These are some of the things that we are working on to help address the issue of flooding in our community. I am sure that as time goes on, and our modeling continues to improve that we will discover more. We remain committed to creating the most robust stormwater management program in the country.

Special thanks to our citizens and volunteers on the Stormwater Working Group. Your efforts are truly making a difference.

That’s all for now and as always, thanks for reading!


From the blog of Cary Councilmember Don Frantz. Photos courtesy of Don Frantz.

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7 replies
  1. Michael Schwartz
    Michael Schwartz says:

    The mass of white rocks, while necessary to avoid erosion, are visually jarring. Would it be more costly to source brown rocks instead?

    Reply
  2. George McDowell
    George McDowell says:

    Thank you, Councilman Frantz and the Town Council for beginning to get a handle on understanding this problem!

    Cary’s 38,400 acres were once graced with 99.5% Old Growth forest. That ship sailed by the time of the Revolutionary War. As of 2014, Cary has but 46% of canopy cover remaining, and a large percentage of that is the ubiquitous pine tree that isn’t much comparative help in mitigating stormwater runoff.

    We still have about 18,000 of the 38,400 acres of unpaved or unimproved ground we once had within Town limits. But trees on that ground can’t do more than double duty to help us in Town or the four counties to the southeast, which receive the runoff we can’t absorb and send down to them.

    My suggestion is that Cary catch up to the many jurisdictions in the country that have realized trees are a large part of the answer to stormwater runoff, and that have begun massive campaigns to plant millions of trees. Let’s plant a million trees in Cary in the next decade, and after that we really can get started on attacking the problem.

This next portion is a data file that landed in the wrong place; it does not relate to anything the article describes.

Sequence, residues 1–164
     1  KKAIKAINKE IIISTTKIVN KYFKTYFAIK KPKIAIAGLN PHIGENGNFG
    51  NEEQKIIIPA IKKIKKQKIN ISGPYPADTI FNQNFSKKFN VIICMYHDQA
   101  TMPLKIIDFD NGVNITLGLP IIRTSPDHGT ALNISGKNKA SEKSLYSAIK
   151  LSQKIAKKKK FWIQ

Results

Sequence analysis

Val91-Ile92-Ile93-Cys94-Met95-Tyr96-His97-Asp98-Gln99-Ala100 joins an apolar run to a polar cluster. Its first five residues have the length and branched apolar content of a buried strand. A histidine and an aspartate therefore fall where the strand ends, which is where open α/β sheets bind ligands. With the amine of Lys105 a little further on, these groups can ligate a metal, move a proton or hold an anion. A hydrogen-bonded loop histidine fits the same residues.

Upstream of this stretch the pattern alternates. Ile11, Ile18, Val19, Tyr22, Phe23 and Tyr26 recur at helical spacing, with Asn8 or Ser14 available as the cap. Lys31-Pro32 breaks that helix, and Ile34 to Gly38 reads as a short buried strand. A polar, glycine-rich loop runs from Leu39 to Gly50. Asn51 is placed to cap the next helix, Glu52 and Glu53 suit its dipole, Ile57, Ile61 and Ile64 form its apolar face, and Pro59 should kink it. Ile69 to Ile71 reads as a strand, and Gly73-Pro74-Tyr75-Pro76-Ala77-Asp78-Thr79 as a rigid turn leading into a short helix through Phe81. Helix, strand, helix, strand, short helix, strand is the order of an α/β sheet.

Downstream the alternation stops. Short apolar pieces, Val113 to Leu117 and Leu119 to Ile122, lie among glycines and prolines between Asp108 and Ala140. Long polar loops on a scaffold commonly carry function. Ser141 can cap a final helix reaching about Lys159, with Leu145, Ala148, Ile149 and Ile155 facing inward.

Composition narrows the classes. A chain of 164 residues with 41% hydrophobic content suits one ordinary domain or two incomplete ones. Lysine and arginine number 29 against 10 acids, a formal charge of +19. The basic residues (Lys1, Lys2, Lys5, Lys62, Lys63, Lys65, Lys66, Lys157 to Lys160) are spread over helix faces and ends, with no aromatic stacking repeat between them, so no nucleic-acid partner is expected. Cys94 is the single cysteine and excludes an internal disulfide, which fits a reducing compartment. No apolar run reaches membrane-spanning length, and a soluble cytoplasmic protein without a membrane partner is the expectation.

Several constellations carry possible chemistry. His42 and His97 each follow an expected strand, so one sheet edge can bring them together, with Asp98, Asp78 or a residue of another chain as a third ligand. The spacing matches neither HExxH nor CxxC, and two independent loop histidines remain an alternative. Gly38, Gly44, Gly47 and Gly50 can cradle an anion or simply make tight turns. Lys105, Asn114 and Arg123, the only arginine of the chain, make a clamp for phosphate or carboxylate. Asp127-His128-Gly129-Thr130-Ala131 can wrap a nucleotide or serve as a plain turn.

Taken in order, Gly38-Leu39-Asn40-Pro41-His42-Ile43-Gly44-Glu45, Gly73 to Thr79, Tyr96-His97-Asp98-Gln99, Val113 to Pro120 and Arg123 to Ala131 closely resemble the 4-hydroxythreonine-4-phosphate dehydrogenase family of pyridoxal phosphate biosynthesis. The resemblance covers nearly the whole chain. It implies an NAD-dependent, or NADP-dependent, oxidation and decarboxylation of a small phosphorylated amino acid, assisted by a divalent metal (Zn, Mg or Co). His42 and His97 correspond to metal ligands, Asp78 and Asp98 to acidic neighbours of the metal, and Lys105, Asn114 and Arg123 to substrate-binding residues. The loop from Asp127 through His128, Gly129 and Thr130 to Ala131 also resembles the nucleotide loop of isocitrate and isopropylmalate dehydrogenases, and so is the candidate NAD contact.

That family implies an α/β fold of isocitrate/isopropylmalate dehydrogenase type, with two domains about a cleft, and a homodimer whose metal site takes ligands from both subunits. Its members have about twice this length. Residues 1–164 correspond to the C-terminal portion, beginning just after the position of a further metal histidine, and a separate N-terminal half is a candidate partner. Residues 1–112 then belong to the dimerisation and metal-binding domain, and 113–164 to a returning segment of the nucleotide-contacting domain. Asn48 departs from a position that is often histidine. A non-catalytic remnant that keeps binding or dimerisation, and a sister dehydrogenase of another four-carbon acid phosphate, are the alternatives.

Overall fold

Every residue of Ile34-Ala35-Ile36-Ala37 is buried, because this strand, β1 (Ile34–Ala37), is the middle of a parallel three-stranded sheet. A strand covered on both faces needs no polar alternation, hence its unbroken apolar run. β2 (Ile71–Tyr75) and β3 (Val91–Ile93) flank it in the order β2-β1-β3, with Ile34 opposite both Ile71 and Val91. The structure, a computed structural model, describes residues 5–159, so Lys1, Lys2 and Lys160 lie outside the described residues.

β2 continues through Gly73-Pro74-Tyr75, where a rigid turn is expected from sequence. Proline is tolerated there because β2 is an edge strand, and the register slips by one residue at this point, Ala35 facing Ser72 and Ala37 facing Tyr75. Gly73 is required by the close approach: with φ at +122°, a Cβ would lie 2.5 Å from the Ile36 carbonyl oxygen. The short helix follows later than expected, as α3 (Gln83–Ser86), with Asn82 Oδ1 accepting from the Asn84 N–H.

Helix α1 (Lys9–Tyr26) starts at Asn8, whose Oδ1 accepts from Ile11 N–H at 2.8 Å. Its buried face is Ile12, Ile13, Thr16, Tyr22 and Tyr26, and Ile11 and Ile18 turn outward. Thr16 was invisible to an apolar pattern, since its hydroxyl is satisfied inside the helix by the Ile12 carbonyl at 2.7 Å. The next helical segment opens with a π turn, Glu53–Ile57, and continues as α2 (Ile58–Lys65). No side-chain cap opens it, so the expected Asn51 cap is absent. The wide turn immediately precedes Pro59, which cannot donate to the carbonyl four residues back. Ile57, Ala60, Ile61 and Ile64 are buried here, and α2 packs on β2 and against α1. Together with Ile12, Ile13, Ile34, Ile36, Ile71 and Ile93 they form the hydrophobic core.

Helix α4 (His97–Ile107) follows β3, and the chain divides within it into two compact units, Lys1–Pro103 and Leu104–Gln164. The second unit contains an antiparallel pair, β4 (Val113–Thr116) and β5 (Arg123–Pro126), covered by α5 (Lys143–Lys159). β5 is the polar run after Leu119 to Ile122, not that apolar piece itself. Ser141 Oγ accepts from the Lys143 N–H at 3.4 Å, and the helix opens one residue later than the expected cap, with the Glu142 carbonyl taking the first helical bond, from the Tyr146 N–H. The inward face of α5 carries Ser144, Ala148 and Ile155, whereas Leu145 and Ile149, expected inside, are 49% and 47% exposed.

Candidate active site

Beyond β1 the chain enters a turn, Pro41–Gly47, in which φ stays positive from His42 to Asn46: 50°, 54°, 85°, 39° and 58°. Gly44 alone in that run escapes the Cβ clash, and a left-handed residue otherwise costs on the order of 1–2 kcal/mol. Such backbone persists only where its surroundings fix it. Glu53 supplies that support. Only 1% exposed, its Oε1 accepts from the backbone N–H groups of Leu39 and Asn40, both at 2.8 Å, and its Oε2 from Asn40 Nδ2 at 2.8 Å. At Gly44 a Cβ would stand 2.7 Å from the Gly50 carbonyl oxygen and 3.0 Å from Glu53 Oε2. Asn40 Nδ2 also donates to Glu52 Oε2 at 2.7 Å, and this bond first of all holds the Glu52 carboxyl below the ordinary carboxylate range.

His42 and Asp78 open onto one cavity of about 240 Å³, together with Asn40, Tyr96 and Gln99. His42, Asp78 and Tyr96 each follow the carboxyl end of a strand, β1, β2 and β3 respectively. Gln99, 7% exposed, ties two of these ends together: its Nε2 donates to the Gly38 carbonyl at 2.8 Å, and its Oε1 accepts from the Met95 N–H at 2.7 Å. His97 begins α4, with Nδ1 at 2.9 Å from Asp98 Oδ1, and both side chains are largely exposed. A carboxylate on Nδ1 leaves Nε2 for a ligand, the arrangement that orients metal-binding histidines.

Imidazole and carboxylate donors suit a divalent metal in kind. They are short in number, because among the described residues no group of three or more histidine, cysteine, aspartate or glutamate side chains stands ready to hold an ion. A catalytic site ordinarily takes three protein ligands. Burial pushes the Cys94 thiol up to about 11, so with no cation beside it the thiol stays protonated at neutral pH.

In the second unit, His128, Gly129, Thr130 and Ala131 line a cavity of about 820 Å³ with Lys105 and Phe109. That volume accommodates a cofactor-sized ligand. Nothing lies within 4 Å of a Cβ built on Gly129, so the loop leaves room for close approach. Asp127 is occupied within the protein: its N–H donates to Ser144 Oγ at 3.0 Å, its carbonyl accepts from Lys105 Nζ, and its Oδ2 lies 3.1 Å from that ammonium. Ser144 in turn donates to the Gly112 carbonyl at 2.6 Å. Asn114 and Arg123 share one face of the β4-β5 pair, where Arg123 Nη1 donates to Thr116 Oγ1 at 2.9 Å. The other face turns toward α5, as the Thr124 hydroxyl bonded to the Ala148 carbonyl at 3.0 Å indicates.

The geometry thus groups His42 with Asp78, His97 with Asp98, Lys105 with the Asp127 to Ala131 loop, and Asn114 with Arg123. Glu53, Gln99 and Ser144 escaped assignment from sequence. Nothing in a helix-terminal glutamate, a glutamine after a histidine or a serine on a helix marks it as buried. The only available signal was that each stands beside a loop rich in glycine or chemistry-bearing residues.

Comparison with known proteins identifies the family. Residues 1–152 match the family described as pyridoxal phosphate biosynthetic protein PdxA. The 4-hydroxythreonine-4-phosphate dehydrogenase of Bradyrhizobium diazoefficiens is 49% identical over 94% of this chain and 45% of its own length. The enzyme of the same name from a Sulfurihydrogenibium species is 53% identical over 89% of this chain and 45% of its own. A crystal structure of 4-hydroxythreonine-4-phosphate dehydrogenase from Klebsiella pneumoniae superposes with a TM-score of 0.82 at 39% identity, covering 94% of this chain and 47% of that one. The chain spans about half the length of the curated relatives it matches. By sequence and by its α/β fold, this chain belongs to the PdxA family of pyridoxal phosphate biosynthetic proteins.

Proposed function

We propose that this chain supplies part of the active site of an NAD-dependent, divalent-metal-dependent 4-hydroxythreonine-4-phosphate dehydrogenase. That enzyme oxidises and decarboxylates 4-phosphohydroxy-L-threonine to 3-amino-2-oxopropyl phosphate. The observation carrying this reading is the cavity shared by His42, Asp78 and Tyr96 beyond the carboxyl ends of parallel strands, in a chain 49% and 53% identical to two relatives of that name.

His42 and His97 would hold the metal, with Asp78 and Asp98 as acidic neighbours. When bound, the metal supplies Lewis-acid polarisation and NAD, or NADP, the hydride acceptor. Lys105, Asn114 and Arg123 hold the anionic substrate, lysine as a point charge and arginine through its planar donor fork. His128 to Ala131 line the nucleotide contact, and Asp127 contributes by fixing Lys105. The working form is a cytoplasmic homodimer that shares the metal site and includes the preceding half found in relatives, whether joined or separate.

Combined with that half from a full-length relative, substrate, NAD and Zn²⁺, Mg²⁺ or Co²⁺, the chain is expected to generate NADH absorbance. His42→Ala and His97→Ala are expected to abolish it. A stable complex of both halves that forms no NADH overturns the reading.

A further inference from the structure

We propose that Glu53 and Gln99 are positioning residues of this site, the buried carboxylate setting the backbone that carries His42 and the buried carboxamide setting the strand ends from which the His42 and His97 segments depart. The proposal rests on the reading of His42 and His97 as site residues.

Reply
  3. Bob C
    Bob C says:

    In October 1955 on a dry North Carolina day my wife and I using my GI loan made an offer on what is now called a starter home in a small sub-division in the eastern part of Cary on the banks of the infamous Walnut Creek. From that day on until another dry day in 1979 when we relocated to a higher elevation, also, in Cary, we lived in dread from each heavy rain cloud to hurricane down poures. At first it was Maynard’s Pond, now known as Colorado Pond, flooding our yards and under our houses. Later it was hasty development, paved streets and curb and guttering that excelarated the arrival of storm water during these downpours Since that time it has been a serious problem in Cary. Many counsels have tried to solve these situations. Better planning, serious engineering and public outrage have helped. More power to this effort.

    However our citizens could help. The Clearing of drainage easements, storm water drain grates were trash gathers, needs to be removed, by whoever sees it. Also Realtors must be truthful and Buyers must beware.

    Reply
    • Johnny Jones
      Johnny Jones says:

      voluntary dues go to the maintenance (periodic dredging) of that pond. as with anything that is voluntary, I suspect contributions aren’t as they should be.

      Reply
  4. johnny jones
    johnny jones says:

    The creek itself runs along the side of my home. Although the water has risen to scary levels a couple times I’ve never flooded. But one my neighbor’s crawl space has. Really appreciate this!

    Reply